Graham Reid | | <1 min read
This Wellington trio are quite rightly the hip, fashionable and classy name to drop because of their crafted, emotionally tense pop which holds up in the face of easy dismissal.
To these ears so many young indie-rock groups lack any sense of bite let alone firepower.
But Mermaidens walk a line between ethereal pop and brittle indie.rock which channels some of the essence of brooding, early Eighties post-punk (the Banshees, Cure): Both come together on Sunstone and Lizard here, the latter also reaching towards widescreen psychedelia in the manner of Seattle's Sky Cries Mary.
And sometimes there's also a sense of the mythic and mysterious in their lyrics (Smothering Possession).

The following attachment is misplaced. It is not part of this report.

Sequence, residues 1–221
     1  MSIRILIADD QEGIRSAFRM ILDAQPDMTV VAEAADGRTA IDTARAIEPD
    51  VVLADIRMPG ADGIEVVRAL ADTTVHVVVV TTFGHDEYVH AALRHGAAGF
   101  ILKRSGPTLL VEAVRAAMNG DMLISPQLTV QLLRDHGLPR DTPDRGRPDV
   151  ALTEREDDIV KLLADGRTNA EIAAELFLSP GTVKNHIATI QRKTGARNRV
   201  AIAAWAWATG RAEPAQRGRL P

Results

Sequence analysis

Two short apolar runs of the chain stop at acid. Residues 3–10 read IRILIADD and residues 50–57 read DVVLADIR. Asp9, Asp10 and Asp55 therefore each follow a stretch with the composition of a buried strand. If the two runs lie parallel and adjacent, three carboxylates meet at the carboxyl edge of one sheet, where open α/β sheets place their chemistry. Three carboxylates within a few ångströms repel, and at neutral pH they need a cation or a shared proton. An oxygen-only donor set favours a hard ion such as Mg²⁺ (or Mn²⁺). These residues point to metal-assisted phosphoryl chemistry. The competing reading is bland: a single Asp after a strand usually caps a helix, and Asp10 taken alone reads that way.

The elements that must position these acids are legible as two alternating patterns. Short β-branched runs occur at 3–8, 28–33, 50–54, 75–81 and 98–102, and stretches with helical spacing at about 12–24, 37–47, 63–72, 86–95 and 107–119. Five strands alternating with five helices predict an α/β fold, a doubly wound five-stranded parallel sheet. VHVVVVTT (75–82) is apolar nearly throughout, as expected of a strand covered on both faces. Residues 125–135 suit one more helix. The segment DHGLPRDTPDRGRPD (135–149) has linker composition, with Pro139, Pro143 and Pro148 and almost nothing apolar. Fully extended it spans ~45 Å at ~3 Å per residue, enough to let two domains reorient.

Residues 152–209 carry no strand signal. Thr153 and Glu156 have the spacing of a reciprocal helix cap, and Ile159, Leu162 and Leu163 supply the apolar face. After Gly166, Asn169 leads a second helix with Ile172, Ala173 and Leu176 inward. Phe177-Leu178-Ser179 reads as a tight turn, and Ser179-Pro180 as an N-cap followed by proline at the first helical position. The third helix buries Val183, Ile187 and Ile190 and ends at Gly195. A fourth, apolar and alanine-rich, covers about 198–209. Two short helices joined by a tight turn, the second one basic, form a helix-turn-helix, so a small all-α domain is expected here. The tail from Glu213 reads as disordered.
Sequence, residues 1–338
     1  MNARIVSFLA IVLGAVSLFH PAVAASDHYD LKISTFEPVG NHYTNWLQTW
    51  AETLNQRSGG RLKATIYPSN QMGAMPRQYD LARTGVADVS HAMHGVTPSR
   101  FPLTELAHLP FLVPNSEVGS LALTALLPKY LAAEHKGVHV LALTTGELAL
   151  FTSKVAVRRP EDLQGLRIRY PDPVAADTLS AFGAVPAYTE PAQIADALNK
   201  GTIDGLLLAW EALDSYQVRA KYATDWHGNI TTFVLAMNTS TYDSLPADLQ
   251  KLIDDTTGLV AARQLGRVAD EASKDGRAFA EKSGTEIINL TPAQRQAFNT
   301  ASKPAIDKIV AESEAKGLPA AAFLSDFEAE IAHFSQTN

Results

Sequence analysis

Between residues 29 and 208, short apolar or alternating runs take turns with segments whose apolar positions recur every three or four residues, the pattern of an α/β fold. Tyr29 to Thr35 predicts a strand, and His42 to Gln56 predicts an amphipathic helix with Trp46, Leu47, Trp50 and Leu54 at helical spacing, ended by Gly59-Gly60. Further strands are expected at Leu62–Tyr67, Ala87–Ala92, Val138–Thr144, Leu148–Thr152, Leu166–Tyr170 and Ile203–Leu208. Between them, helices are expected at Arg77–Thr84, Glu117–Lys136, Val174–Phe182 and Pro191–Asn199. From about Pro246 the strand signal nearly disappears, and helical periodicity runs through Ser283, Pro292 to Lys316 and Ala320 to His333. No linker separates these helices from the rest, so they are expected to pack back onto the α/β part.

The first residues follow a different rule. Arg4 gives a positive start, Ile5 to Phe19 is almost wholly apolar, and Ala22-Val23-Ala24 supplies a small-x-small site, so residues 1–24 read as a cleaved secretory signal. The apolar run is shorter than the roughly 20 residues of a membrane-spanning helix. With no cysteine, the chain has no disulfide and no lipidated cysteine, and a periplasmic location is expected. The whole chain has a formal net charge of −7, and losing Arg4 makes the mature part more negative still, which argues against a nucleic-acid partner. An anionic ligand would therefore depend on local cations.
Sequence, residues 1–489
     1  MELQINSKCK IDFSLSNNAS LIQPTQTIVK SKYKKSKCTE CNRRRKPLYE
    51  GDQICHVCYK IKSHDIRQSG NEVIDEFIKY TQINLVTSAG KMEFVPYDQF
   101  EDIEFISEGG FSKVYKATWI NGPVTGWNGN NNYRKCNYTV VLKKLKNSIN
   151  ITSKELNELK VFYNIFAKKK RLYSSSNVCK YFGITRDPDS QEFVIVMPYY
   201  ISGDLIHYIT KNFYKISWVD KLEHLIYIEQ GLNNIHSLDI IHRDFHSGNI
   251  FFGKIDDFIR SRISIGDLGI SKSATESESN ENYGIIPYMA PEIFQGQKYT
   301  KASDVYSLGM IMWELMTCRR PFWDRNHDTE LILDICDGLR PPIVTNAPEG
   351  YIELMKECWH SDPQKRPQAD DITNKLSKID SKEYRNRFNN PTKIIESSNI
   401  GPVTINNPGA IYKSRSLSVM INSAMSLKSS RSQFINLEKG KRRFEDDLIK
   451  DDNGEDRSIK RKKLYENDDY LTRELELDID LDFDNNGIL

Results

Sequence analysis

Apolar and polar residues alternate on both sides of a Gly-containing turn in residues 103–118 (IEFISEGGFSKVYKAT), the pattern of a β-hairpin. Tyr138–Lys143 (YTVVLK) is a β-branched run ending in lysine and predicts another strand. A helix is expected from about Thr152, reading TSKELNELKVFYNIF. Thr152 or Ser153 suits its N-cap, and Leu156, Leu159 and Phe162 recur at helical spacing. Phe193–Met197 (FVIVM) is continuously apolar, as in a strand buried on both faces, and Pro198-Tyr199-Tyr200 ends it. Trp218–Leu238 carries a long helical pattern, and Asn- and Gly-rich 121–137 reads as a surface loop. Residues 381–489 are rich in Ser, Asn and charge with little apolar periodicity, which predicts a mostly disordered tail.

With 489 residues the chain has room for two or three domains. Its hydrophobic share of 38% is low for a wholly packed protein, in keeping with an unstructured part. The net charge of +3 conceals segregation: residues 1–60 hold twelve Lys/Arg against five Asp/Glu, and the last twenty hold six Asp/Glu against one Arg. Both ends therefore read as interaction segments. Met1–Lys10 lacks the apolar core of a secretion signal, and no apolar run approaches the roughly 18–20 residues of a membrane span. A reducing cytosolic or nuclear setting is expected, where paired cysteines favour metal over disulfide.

These are all creditable reference points, and their eight songs in a tidy 38 minutes here also possess interesting dynamics, as on the spaciously dreamy Mind Slow which works over a repeated drum pattern and chiming, narrow guitar figures.
Perhaps once too often they play the distant and airy drone card (the overlong Give It Up seems surplus and adds very little) but this is the confident second album they had previously hinted they were capable of.
And in the increasingly dense, time-shifting six minutes-plus Fade at the end they make you want to flip right back to the title track opener.
A real listening experience.